3. Tony Judt, Postwar: A History of Europe Since 1945 (New York: Penquin Books, 2005), p. 698. Judt’s statistics provide a chilling context for the controversial back-story to the film. When Ulrich Mühe died of stomach cancer in July, 2007, the Associated Press wire story, Thursday, July 26, 2007, offered the following comment: “The role [of Gerd Wiesler] had particular resonance for Muele [sic], who was under surveillance by the Stasi when he was a star of East German theater. He later discovered that his then-wife, German actress Jenny Groellmann [sic], was registered as an informant for the Stasi during their years of marriage. Groellman [sic], who died last year of cancer, had denied she was an informant.”

Donnersmarck’s auspicious film debut took three years to make and paid great attention to detail, using actual Stasi equipment and props on loan from museums and private collections. The director was not alone in this desire, as the props master, a man who had been held in a Stasi prison for two years, also insisted on authenticity. I can only guess at the kind of déjà vu shock former East Germans might have received upon watching this film. And speaking of déjà vu, with all the fear-mongering going on nowadays, talk of building a giant wall, “alternative facts,” and N.S.A. surveillance of public communications and emails, The Lives of Others remains extremely relevant. Perhaps that’s why it’s not surprising to learn that Donnersmarck, who has been largely quiet other than a slight detour with Johnny Depp and Angelina Jolie (The Tourist, 2010), now has three projects in development this year, including a remake of The Lives of Others.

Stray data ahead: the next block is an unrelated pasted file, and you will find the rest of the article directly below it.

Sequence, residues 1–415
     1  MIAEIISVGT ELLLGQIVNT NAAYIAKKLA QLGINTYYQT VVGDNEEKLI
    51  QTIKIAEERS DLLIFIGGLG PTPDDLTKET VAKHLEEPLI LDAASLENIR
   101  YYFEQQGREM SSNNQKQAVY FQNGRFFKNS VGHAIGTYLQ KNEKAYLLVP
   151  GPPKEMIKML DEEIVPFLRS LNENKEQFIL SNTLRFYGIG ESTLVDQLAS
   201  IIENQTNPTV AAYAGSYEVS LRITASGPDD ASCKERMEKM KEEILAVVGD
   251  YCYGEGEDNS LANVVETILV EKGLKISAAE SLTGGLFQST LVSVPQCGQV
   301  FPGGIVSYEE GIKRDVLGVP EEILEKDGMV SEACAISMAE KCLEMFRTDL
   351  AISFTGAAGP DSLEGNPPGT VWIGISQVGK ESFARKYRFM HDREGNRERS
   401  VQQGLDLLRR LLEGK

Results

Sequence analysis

Pablo Kjolseth

4 Responses Orwellian Realities
Posted By Susan Gordon : February 5, 2017 1:38 am

I’ve recommended this brilliant film to many people.

Posted By Doug : February 5, 2017 10:39 am

“You say Stasi, I say Nazi-let’s call the whole thing off.”
Sorry about that.
I’m reminded of that scene in Ninotchka taking place in Ninotchka’a Moscow apartment where any neighbor could walk through the apartment at any time as everyone is spying on everyone else and no one is above suspicion.
The East/West Germany dichotomy has been replayed many times throughout history-one autocratic group comes to power and maintains that power by holding a populace in thrall (East Germany, USSR, Cuba, Nazi Germany, etc). Those who wish to remain free will escape and survive elsewhere (West Germany, Baltic states, Miami, England/USA). The good news is that every such Authority rules for only so long before their Jenga empire comes tumbling down. Because Man desires to live Free.
I expect that we will see a free Cuba in the next decade-that tiny island is overripe and rotting under the Castros.

Posted By swac44 : February 6, 2017 9:04 am

Fascinating film, from a time and place that has yielded films of great intrigue, from Montgomery Clift’s final film The Defector (the physical toll of which probably hastened his demise) and Funeral in Berlin to Goodbye Lenin!, in which a young man’s mother comes out of a coma years after the fall of the Berlin Wall, but he must keep up the illusion that she’s living in the East Berlin of old to avoid her suffering from shock.

Barbara is also of special note for me, as it is the last film ever screened in 35mm in my hometown (at the Atlantic Film Festival), before the local theatre chain mothballed its final film projection system for good. As a result, those images of the title character riding her bicycle through a lush East German countryside hold a special significance as the last pixel-free screening I’ll ever see here.

Posted By kjolseth : February 6, 2017 3:06 pm

What a heart-breaking story re: BARBARA. At least you were aware of what you were watching at the time. I’m guessing most people don’t even know what the last 35mm print to screen in their hometown was unless it was highlighted by the theater. I’m lucky to be screening about twenty-five 35mm prints over the course of the next three months.